RECENT PROJECTS

This partnership has impacted five southwest Missouri communities during this academic school year. The most recent projects are as follows:

Webb City (Spring 2014) population 10,996: Five students are working with a Visioning Advisory Committee to build on the Spring 2008 Main Street visioning effort, Fall 2013 King Jack Park visioning effort, and the DREAM Initiative reports to develop a citywide vision for their 20-25 year future horizon. The students have toured the community and conducted a workshop with 29 participants attending and sharing their input through a gaming method used to determine an overarching goal, objectives and methods. Funding is provided by Webb City.

Sheldon (Spring 2014) population 543: Four students are working with a Visioning Advisory Committee to develop a citywide vision for their 20-25 year future horizon. The students have toured the community, studied super-trends affecting Sheldon and have conducted a workshop with 39 participants attending and sharing their input also through a gaming method used to determine an overarching goal, objectives and methods.  Funding is provided by West Central Community Action Agency, citizens, businesses and the City of Sheldon.

Carthage (Fall 2013) population 14,378: Five students studied the parks and recreation facilities in Carthage to assist a citizen committee with developing their broader vision for improving and expanding park opportunities. Clear to all participants was the need to have a focus that ranges in scale from the neighborhood park to regional assets like conservation areas and expanded greenway trails. Funding was provided by the City of Carthage.

Joe Bald Park (Fall 2013): Four students were asked by the U.S. Army Corps of Engineers and the Table Rock Lake Chamber of Commerce to lead an exploratory group to compile ideas to help the site become a greater recreational and financial community asset. The Advisory Committee is comprised of 25 individuals representing various agencies, officials, local business owners, fishing guides and area residents. Joe Bald State Park has been closed to the public since 1998, but many citizens hope that it will once again become a regional asset.

CONTINUED PROGRESS

Reeds Spring Community Vision-to-Action, population 913: Following the Spring 2011 Visioning Effort in Reeds Spring, the school district approached the Board of Aldermen to gift the Old Reeds Spring High School building and property to the city.  This led to the relocation of the City Hall to the site and notions of developing the Old High School into a community center. Anticipated follow-up includes assistance with PACE funding application, grant applications, professional services procurement and an advisory role in any implementation.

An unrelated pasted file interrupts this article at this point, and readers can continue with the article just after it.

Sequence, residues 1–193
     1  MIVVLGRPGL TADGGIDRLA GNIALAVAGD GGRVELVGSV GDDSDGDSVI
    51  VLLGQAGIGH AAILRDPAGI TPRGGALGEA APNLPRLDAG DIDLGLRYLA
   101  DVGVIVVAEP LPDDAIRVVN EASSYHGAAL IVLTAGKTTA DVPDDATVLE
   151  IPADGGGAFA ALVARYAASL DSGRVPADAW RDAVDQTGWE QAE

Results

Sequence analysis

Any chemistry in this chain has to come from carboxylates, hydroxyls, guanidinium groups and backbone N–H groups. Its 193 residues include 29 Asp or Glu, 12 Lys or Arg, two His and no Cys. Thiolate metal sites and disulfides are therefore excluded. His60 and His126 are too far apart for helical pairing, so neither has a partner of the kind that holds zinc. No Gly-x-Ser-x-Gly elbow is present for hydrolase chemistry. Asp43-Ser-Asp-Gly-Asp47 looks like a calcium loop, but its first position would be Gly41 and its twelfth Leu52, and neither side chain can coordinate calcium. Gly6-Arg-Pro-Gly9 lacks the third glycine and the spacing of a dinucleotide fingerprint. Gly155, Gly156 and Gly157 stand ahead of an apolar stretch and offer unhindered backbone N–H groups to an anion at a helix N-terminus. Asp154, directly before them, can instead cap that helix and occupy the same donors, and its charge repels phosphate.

MORE INFORMATION

For more information about the CCS program contact Jay Garrott at Drury University, (417) 873-7371 or Jeff Barber at the Greene County Extension Center, (417) 881-8909. Some additional information can also be found online at extension.missouri.edu/greene.
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Friday, April 04, 2014

Master Gardeners of Greene County Hotline Re-Opens; Answering Your Home Garden and Lawn Questions

Contact: David Burton, civic communication specialist
County Program Director - Greene County
Tel: (417) 881-8909
E-mail: burtond@missouri.edu

SPRINGFIELD, Mo. -- Area gardeners and homeowners with lawn, tree, shrub, flower or garden questions can find answers by calling the Master Gardeners of Greene County Hotline.

Trained volunteers answer the Master Gardener Hotline from the University of Missouri Extension Center inside the Botanical Center at 2400 S. Scenic Ave., Springfield, Mo. 65807

OPEN HOURS

Residents can call the Master Gardener hotline at (417) 881-8909 ext. 320 from 9 a.m. to 4:30 p.m. every business day until October and on Saturdays from 9 a.m. to noon.

The gardening hotline in Greene County began in 1982 and annually answers questions about gardening practices for over 2,000 callers.

"It is impossible for one person to handle all the phone calls received in the Greene County office pertaining to horticulture.  However, through the Master Gardener Program, trained volunteers assist with many of the calls relating to home horticulture,” said Patrick Byers, horticulture specialist, University of Missouri Extension.